In most cases, the Indigenous Americans only wanted peace. Some had the foresight to see the problems that were coming. They saw the land as sacred, given to them by The Great Spirit, and they treated Mother Earth with respect and gratitude. They may not have had the white man’s technology, but their societal norms were often far more advanced than “civilized” nations. The wholesale slaughter and exploitation of these people in the name of Christianity is a national disgrace.

Besides the actual slaughters, their children were often taken away, essentially kidnapped, and sent to boarding schools where their native culture was derided while they were indoctrinated with supposedly white civilization’s values. Their women were often sterilized without their knowledge. There is no doubt the intent was genocide.

If you think things have changed today, think again. Power and control by those with selfish and evil intent still prevails. Corporate power subdues the rights of individuals. Nothing has changed.

I cried more reading this book than any novel. It’s a very sad commentary on the foundation of the United States. These Native Americans were highly intelligent, moral individuals. In the vast majority of cases, they were only aggressive when they’d had enough of being lied to and could see the government’s intent was their annihilation.

Read it. More people need their eyes opened to the truth that is our history and how it relates to what’s going on today.

Today’s Writing Tip


There’s another very useful function for backups, even if your computer doesn’t crash. Whenever you’re about to make a major revision, keep the previous version under a different file name, just in case your changes don’t work out. Keeping backups for each date can be a lifesaver if changes don’t work.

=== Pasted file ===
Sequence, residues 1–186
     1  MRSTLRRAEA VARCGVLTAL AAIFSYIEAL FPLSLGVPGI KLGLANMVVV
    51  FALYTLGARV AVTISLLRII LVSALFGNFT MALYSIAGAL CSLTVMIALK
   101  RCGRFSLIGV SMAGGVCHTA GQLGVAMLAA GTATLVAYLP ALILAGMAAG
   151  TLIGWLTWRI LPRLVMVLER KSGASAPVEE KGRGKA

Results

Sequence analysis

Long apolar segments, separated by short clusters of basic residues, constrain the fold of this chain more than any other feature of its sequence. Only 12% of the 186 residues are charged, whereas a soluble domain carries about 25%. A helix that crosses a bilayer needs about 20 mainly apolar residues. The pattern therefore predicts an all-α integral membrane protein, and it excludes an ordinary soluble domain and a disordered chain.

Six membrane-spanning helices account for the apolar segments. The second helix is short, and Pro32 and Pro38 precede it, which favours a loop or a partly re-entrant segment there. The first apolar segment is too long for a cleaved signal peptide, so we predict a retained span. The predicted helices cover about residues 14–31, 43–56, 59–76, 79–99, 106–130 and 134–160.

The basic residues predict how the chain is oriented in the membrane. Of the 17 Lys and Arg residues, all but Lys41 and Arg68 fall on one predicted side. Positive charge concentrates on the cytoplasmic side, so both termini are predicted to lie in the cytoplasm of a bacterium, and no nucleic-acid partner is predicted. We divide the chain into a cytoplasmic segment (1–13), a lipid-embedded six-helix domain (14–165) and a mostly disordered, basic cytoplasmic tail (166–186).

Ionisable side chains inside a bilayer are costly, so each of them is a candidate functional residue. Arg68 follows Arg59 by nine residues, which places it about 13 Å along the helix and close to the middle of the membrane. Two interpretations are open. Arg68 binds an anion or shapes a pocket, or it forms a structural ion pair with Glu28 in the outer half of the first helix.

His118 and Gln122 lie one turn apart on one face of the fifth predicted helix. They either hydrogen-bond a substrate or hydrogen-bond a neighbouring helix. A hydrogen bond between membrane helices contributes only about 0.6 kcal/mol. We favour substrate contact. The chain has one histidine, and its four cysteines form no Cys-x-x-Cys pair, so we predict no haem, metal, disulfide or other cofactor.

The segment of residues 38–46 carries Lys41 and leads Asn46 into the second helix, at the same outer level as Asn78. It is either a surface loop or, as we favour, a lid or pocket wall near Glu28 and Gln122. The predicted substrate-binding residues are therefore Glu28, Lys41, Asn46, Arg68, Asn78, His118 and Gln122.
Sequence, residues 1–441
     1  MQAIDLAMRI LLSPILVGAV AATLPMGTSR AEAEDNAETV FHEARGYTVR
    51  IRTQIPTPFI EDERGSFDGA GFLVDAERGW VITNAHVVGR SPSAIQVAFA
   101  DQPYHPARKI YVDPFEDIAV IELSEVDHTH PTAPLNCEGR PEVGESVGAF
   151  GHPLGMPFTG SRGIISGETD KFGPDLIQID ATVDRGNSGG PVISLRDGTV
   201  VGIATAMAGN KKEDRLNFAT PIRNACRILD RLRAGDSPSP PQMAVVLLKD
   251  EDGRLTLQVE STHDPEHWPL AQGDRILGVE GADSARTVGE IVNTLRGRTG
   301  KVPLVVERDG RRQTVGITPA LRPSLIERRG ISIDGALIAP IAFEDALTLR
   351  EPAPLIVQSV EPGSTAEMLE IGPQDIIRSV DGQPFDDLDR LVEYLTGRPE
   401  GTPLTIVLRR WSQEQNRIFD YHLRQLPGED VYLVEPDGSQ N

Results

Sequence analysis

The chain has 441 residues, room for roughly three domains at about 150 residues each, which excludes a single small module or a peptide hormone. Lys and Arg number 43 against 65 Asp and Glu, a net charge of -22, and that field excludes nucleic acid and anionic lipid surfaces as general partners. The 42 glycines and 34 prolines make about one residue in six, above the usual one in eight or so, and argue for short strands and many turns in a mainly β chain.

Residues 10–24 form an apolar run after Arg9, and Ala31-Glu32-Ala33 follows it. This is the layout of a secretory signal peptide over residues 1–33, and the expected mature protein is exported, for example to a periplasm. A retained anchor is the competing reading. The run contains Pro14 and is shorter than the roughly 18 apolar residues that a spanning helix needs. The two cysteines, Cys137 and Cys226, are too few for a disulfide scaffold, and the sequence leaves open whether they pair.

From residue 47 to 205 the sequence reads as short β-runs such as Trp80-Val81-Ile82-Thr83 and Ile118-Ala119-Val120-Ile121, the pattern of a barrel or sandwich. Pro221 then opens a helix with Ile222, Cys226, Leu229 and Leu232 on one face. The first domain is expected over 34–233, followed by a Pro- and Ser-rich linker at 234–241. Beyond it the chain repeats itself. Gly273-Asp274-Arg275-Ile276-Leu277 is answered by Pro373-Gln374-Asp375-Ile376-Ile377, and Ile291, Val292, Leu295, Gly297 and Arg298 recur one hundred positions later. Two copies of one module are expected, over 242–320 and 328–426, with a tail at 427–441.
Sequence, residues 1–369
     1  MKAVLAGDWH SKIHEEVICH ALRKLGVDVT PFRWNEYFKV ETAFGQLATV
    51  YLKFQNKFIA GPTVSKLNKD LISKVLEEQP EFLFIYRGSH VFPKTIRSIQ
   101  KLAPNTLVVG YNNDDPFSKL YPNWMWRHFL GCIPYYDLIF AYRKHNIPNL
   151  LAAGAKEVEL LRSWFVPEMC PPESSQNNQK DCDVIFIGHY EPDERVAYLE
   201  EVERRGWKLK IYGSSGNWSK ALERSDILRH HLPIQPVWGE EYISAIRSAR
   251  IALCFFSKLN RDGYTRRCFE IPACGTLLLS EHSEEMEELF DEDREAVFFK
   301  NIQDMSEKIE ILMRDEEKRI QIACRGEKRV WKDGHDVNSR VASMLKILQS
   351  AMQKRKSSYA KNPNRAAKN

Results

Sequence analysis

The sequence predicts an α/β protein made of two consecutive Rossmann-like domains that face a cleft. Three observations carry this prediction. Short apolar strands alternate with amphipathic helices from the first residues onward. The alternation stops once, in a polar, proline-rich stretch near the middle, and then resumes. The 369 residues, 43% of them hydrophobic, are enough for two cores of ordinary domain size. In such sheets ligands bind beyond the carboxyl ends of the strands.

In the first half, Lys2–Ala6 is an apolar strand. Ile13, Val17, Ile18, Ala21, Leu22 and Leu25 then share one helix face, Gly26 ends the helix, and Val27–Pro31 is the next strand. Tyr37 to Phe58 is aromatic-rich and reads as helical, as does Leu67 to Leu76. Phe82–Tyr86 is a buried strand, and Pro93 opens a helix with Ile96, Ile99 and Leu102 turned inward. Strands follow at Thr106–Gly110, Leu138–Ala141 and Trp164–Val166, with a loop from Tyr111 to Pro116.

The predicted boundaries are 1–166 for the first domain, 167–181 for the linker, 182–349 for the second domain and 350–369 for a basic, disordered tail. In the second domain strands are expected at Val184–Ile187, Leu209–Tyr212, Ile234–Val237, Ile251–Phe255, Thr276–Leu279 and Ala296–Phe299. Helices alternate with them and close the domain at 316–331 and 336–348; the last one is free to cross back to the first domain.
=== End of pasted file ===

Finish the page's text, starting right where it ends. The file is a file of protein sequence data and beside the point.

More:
I recently had a situation where I wound up reverting to a version saved nearly a week before when what I was trying to work in simply wasn’t going to work. It would have been a nightmare to try and undo all the changes. Having daily backups, I was able to basically do a quick “rewind” which saved a lot of stress and head-banging.

Today’s Writing Tip

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Timelines are sometimes a real challenge, especially with parallel plot action. I’ve heard authors complain about time zones while I’ve had some situations in my science fiction with characters on entirely different planets or even traveling at relativistic or warp speeds in different timeframes!

Some stories require more precision than others with regard to what day or time it might be. If it doesn’t matter, then all you have to watch for, if you don’t write scenes in chronological order, is that they’re in the proper sequence. If you require more accuracy, one thing you can do is put the supposed date (or perhaps even the time) at the beginning of each scene, even if you erase it when you’re ready to go to press. Then you can tell at a glance if it’s in the proper place.

Today’s Writing Tip

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The general rule is to start your story with your main character. However, if this person’s importance fades later, you might want to make it a prologue if that scene is essential to the story.

This is something that relates to yesterday’s blog about when a minor character takes over the story. If he or she steps into the star role, you may need to introduce them in chapter one. If both your intended main and the minor character are both in the first chapter, this isn’t a problem. You just need to open with the main character’s POV. However, if the one taking over doesn’t come on the scene until later, it’s more of a challenge.

If anyone out there has encountered a similar issue I’d love to hear how you solved it.


Today’s Writing Tip


Have you ever had a minor character suddenly take over your story? It’s great to have one that’s so strong, but this often presents a challenge. I’ve had this happen to me in my Star Trails Series and find it happening again in my WIP.

In Star Trails, I had to make sure one of those troublesome characters wound up in jail or prison from time to time so the other characters could run the story. In my current WIP, I’m still trying to figure out exactly how to handle it but here are three things I’m considering.

1) Let him or her take over. This is likely to require a major rewrite, but might be worth it.

2) Strengthen intended main character. Make sure there are enough story problems and issues for him or her to deal with to make it interesting. If things are cruising along too easily, throw some stumbling blocks out there.

3) Figure out who’s most important to the story line. Maybe the story is being told through the wrong character’s eyes. Who is most affected by the plot?

Right now I have two characters who score equally in importance. They work together, but their lives are influenced in two different ways by the plot. To be honest, I’m still trying to figure this out. LOL!